THE sea in Ahakista and Bantry is showing signs of noctiluca bioluminescence, commonly known as ‘red tide.’
The bioluminescent organisms are most conspicuous at night during a bloom, or population increase, but they can appear red or pink during daylight hours.
Historically, bioluminescence was considered to be a mysterious phenomenon that sailors referred to as ‘sea sparkle’ or ‘the burning of the sea.’
According to Finian O’Sullivan, secretary of the Bantry Fish Farming Co-operative, this variety of bloom is not deemed to be one of the harmful algal blooms, or HABS for short.
But dog owners have been advised to keep their pets well back.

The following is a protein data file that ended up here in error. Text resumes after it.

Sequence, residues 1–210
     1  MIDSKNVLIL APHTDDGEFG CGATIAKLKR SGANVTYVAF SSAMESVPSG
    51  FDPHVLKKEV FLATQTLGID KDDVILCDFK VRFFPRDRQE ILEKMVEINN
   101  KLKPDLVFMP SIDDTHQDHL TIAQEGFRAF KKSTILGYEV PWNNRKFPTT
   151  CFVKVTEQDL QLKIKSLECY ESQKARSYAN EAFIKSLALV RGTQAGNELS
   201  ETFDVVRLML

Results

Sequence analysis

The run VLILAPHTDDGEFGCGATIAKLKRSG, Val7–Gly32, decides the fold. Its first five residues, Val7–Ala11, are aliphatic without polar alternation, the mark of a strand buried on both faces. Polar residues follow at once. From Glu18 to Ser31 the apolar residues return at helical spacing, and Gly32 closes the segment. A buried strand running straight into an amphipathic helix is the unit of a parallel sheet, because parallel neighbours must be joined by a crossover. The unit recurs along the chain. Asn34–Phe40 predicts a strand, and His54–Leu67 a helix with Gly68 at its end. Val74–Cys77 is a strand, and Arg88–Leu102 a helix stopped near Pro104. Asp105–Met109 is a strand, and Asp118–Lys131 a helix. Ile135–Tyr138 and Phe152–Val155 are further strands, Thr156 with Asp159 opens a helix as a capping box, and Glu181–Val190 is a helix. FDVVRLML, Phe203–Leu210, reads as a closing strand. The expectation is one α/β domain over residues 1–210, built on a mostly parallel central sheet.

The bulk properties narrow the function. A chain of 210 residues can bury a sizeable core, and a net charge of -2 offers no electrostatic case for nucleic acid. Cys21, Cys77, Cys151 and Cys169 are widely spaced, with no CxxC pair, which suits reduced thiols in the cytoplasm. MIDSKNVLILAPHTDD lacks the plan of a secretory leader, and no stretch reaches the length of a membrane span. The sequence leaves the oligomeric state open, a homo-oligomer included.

‘Red tide is an annual event and is not an issue for shellfish because it does not cause toxins,’ said Finian.
Typically, the bloom, or organism increase, tends to float on the top layer of the water and can last for three or more weeks.
Finian pointed out that water quality throughout West Cork is carried out on a weekly basis by the Marine Institute, which is located at Gearhies on the Sheep’s Head Peninsula.
The harmful variety occurs when colonies of algae — simple plants that live in the sea and freshwater — grow out of control and produce toxic or harmful effects on people, fish, shellfish, marine mammals and birds.
The problem with a big outbreak of the nontoxic variety is that it can eat up all of the oxygen in the water as they decay, clog the gills of fish and invertebrates, or smother corals and submerged aquatic vegetation.
In spite of the warm weather, Finian said this season in West Cork is fairly benign.